Hopkins' $130 million gamble

November 26, 1993|By Richard O'Mara | Richard O'Mara,Staff Writer

Another article Friday about the Johns Hopkins Outpatient Center incorrectly reported Dr. Michael M. E. Johns' title. He is dean of the Johns Hopkins Medical School.

The Sun regrets the errors.

When Johns Hopkins opened its Outpatient Center in East Baltimore last year, it marched eyes open into medicine's new era. On that everyone agreed: outpatient care is the way ahead.

"It is the handwriting on the wall," said Dr. Michael M.E. Johns, chief of the Hopkins Hospital and Medical School. "By the year 2000 it will represent 50 percent of all care given in this country."

FOR THE RECORD - CORRECTION

The Outpatient Center was the strategy Hopkins devised to tap into a growing market, which could help expand its roster of patients and thereby ensure its survival in this changing world.

Today, with the Outpatient Center a year-and-a-half in operation, a few cautionary questions are being raised. Some physicians worry that "the culture" of Hopkins could be changed from one that concentrates on cutting-edge research and teaching to one perhaps too preoccupied with the delivery of care.

Growing financial pressure

Like other urban research hospitals, Hopkins finds itself under growing financial pressure. It offers high-cost medicine, serves many poor patients who can't pay their bills, and faces growing competition from other hospitals, particularly in the suburbs. In aggressively expanding outpatient services -- a small center is also planned in Lutherville -- Hopkins follows other research institutions such as Columbia-Presbyterian Medical Center in New York and Yale-New Haven hospital.

The outpatient trend is driven by the need to bring down the soaring costs of medical care by limiting hospital stays. Under President Clinton's proposed reforms, which would provide health care to all Americans, the need for cost savings will be even greater.

Hopkins did not venture timidly into what is perceived as medicine's future. Its first step was a big one, and very expensive.

It assumed a debt of $130 million to build the Outpatient Center. The School of Medicine signed for $60 million of that, and the Hospital for $70 million. It is debt that must be retired from physicians' fees earned in the center, the hospital and the medical school.

Which is to say, if the Outpatient Center does not succeed as a business, there won't be much of a future for Hopkins at all.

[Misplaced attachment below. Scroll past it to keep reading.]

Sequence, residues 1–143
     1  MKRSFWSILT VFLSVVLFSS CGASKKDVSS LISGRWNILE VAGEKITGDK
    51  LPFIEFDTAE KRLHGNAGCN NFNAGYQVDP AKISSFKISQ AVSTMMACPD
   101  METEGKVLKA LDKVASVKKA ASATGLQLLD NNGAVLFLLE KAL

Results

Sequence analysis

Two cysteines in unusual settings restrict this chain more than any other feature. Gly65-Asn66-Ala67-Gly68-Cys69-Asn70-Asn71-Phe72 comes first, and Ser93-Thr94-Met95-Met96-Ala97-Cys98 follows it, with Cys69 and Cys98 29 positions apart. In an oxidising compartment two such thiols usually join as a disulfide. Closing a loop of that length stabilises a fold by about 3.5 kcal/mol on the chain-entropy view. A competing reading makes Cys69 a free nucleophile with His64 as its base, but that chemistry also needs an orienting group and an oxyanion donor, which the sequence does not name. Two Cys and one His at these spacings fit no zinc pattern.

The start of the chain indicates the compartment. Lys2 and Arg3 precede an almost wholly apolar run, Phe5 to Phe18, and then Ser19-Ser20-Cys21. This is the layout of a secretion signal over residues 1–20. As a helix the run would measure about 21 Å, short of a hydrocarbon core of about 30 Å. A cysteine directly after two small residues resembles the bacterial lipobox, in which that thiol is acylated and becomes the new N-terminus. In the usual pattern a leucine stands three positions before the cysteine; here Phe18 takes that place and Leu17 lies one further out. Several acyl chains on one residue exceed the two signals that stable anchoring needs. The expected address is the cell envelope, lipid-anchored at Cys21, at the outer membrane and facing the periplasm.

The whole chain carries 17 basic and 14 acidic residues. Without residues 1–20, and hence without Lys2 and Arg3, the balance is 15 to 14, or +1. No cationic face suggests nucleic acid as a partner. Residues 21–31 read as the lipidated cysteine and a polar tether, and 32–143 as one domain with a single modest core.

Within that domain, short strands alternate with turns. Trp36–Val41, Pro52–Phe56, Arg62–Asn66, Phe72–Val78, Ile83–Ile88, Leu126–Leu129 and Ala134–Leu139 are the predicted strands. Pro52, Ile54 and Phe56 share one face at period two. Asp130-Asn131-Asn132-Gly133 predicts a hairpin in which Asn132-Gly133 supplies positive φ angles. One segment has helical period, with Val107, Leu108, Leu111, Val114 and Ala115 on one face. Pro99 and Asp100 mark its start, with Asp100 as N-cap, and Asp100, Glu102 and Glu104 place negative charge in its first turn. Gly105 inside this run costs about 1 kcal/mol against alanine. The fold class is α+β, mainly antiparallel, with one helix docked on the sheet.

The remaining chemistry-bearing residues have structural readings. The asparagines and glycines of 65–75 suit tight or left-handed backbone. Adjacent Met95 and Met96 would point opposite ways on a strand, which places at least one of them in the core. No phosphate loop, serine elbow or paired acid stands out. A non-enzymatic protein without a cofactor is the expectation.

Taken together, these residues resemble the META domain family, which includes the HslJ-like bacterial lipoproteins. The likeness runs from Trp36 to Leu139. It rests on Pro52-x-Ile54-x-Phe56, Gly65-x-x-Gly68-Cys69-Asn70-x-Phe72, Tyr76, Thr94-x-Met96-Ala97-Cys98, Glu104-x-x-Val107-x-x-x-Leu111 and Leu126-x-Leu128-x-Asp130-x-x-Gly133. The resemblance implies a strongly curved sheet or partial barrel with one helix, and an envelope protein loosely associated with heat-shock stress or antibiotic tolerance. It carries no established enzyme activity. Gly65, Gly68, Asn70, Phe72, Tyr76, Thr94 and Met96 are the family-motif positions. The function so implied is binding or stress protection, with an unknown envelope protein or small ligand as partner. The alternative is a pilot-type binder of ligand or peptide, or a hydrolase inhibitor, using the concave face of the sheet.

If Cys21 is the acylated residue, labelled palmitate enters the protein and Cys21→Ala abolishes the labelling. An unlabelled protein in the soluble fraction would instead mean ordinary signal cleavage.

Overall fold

Said Dr. Dana Frank, assistant professor of medicine at Hopkins: "If Hopkins is not completely successful in the delivery of health care, the institution will shrink. Money for bench [research] work is already shrinking. . . . If we don't respond to the current issue of health care we are going to be lost."

Is the center successful? Several of Dr. Frank's colleagues gave unoptimistic prognoses. Two physicians even referred to the Outpatient Center as "a white elephant."

Some criticize expense

Patients avoid it because the neighborhood is unsafe, said one cardiologist. The Outpatient Center is too expensive a venue in which to treat patients, a gastroenterologist complained.

"They [Hopkins] charge me $30 per patient," he said. "That means when I charge a patient, say a Medicare patient, $25, I'm losing money. The bottom line is that it is just too expensive to see patients there." He, like the cardiologist, asked not to be identified because of his continued association with Hopkins.

Other doctors, however, said they found the center "a pleasant place to work," and reported that their patients found it convenient and efficient.

Steven H. Lipstein, the administrator of the Outpatient Center, stressed its success. Some 1,200 patients a day move through the Outpatient Center, he said, 800 for doctors' appointments and 400 for "ancillary procedures," such as same-day surgery, X-rays and testing. The patient flow, he said, is what was projected.

He credited the center with contributing to the 3.7 percent increase in fiscal 1993 over 1992 in hospital discharges, and the "improved profitability" of the School of Medicine as well. Revenues from outpatient services in the hospital and Outpatient Center rose about 3 percent in fiscal 1993, said Mr. Lipstein. He added that total outpatient volume is growing.

The questions raised about a possible shift away from the institution's traditional focus on teaching and research are perhaps more troubling. Does the trend toward better and less expensive health care -- which Hopkins is trying to keep pace with in that immense steel, brick and glass building on North Broadway -- threaten to undermine these missions?

Un-hospital-like

The Outpatient Center is a lavish building. It has marble floors; it is done in muted, un-hospital-like colors. Its lobby is bright and soaring, with soft, comfortable furniture. More importantly, perhaps, the staff is trained to offer patients the efficient and friendly service Hopkins' patients of the past did not always experience, according to several physicians.

Even so, there are those not entirely dazzled.

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